[Hi all… This weekend I am stuck inside with a bout of food poisoning (ugh) – so pulling one out of the archives that I never posted.]
When we first started visiting the church we went to in Illinois, our pastor would ask a question: What if the gospel was meant to be more like the sunrise than a religion?
I have to admit, I didn’t get it at first. It sounded beautiful, but you see, I am not the poetic type, so analogies often get lost on me. I am sure he explained it at some point, but I just always assumed he meant what if the gospel, the good news Jesus came to bring was meant to be beautiful and not one that laid a burden on our backs? After all, Jesus is the one that said “Come to me, all who are weary and burdened, and I will give you rest. Take my yoke upon you and learn from me, for I am gentle and humble in heart, and you will find rest for your souls” (Matthew 11:28-29).
I’m not really sure how or when the gospel that started out so beautiful became a burden to me. Somehow over the years, my need for perfection, my fear of failure, and my incessant need to keep people happy, combined with teachings on leading holy lives and letting God reveal everything in you that wasn’t good led me down a road that made what was once a beautiful path into feeling like I was always missing the mark. I would read verses in the Psalms that talked about pure hands and pure hearts, and verses in Philippians about thinking only of good things, and all I remember feeling was that I would never measure up. “Be perfect, therefore, as your heavenly father is perfect.”, Jesus said (Matt 5:48). I felt like I was failing miserably.
Slowly and subtly, the message I began to hear (not that this was always what was taught, but we hear things and take them in based on our own experiences and understandings, keep in mind) was that yes Jesus died for my sin. I was “saved” and my eternity secure, but no matter what I did – how much I served, loved, gave – I would never measure up to what He asked of us here. Rather than the bible being words of life, they became words of condemnation for me. Every time I read them, I would hear criticism of my own life and how I never measured up. I would find things I had never thought about and prayed God would help me try harder to remember that new truth I had to watch out for. Underlying guilt consumed me, guilt that I would never be good enough for what God had done, never be a good enough example, a bright enough star to “shine in this dark universe” and reflect what I was supposed to, showing people God was real.
What boggles my mind as I look back on who I was then is that it never occurred to me that underneath it all, a subtle shift began to occur. The sense that I could never meet God’s holy standard covered my life. I loved God with all my heart, and yet I lived with this deep sense that I could never, ever, ever do all that he asked of us to be his example on this earth.
I remember the first time I really heard about grace. Not that it hadn’t been talked about before – but the first time I got it. We lived in Ohio and were attending a huge Vineyard church known as the Dayton Vineyard at the time. The pastor that was preaching that morning was talking about God’s grace and how full and how covering it was over our lives. He put it this way (and I’m not sure of his exact words, but this is how I heard it): “Imagine if God had this huge paint roller, and he dipped it in a big 20 gallon bucket of paint, and then just slathered you with it. Thats how much God’s grace covers our lives.”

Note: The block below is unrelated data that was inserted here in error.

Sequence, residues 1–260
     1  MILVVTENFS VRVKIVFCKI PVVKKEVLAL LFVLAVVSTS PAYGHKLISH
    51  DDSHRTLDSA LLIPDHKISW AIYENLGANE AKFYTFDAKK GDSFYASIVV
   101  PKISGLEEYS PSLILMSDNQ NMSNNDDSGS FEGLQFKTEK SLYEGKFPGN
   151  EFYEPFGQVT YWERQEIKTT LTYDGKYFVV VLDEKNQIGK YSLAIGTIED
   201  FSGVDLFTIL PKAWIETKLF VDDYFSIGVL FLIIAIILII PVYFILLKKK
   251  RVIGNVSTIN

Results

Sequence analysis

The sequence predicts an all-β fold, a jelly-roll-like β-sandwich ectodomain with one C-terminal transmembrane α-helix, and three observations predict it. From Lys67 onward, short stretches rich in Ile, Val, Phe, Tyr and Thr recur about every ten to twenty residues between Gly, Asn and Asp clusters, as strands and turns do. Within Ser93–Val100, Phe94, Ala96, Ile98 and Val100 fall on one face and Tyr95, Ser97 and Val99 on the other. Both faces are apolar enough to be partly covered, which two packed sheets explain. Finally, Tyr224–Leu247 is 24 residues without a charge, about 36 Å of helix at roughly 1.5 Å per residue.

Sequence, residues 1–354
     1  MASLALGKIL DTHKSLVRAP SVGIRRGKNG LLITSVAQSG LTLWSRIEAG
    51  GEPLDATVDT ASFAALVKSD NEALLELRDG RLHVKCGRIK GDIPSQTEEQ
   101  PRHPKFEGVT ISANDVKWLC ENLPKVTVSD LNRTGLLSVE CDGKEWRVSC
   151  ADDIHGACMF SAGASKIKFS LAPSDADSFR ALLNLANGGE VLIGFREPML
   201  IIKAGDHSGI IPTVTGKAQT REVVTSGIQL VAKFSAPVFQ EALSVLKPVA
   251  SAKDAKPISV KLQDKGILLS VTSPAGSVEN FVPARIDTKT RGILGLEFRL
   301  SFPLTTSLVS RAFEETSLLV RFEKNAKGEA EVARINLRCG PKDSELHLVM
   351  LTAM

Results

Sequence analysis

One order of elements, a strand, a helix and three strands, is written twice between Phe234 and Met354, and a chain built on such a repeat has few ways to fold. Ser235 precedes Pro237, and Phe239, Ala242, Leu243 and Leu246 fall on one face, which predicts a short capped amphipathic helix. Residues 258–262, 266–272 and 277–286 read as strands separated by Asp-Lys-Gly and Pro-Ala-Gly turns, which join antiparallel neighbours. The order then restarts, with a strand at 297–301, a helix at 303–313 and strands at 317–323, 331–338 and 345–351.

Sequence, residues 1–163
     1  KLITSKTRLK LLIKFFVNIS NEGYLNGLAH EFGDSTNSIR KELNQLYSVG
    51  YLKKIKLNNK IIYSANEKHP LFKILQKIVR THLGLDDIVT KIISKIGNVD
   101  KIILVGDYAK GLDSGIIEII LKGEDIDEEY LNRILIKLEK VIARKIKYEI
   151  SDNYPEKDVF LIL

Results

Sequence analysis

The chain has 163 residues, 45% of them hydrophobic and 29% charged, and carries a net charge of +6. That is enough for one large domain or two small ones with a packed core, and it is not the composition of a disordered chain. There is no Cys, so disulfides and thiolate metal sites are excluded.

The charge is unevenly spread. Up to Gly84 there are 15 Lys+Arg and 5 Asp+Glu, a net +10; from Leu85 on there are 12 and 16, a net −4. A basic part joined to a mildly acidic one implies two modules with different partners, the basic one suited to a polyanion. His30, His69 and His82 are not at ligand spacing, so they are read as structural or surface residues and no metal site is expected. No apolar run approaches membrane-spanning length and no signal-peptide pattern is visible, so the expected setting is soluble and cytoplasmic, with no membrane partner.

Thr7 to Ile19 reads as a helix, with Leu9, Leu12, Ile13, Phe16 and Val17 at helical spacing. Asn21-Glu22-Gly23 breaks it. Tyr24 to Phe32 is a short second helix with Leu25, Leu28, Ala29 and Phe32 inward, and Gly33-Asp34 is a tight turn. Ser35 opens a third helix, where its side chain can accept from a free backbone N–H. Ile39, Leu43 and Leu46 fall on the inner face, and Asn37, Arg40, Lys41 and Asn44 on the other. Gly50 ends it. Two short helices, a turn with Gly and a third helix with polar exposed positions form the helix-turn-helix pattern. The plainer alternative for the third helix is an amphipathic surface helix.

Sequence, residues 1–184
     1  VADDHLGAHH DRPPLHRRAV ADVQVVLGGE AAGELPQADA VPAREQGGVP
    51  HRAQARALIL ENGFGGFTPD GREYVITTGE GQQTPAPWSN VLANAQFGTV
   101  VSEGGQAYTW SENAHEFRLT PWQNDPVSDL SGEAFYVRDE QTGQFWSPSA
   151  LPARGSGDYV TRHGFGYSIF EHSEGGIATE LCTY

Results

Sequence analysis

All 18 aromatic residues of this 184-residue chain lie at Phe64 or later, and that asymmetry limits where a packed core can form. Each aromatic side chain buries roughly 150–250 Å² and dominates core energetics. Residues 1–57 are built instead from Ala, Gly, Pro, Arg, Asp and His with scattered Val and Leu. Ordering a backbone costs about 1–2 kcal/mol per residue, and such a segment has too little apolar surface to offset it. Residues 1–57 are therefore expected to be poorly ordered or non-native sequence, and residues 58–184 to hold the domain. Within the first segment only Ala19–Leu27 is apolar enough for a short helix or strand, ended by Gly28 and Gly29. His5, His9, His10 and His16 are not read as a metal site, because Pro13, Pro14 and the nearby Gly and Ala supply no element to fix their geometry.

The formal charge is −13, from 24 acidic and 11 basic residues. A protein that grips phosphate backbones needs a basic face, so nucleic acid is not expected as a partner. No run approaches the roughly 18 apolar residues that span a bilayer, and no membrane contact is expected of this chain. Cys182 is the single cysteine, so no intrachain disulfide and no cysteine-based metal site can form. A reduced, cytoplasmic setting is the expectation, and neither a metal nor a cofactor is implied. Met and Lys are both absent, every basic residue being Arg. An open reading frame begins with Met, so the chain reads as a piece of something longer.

I cannot tell you what that started in me. It hit me like a ton of bricks. I still have a picture of a paint roller in my journal, next to those two words.
I remember driving home that day from church in silence. I couldn’t explain how I was feeling. I remember standing there, hands on my kitchen counter getting ready to make lunch and realizing it was the FIRST time I had ever walked away from church without feeling guilty.
It blew my mind. You would think I had never heard of grace before. Little did I know that would only be the first of many steps towards finding freedom in who I really was in Christ. And this – this is what I love most about our God. You see, without warning, without my asking for it, my Jesus had come searching for this lost little sheep of his, to pick the burrs out of my coat, give me fresh water to drink, and to teach me for the first time what he really thought of me.
It was life-giving. I was finally able to believe in the deep love the Father had for me, and it began to shape me in a way I never expected. Gone was the fear, gone was the shame, all replaced with this glorious knowledge that I was loved. Finally I began to believe what Jesus said, that when I remained in Him, and he in me, that together we could do great things.
Whether you call it deconstruction, or a crisis of faith, or even just a season in your walk, letting the Lord shake off ways of thinking that push you away from the life He offers is critical. After all, that IS part of the transformation of our lives, our faith, isn’t it?
Now, I get the sunrise analogy. Waking up early in the midwest, watching the fluorescent pink and mango brilliance of the sun start small and spread across the whole breadth of the park near my house and the fields nearby, I get it. The goodness and love and grace of our God often starts small. But when it breaks into our lives – whether through tragedy, kindness, curiosity, or sundry other ways – it is meant to grow, to spread out and melt out over the entire expanse of our lives…. until all of it is swallowed up by His radiance.
My friends, wherever you are on your walk with the Lord, my prayer is that you, too, would know this grace, this love and light that longs to pour out over your life like the glory of a morning sunrise!
Grace, such a beautiful thing! Loving the unlovable, making perfect the blemished, healing the broken.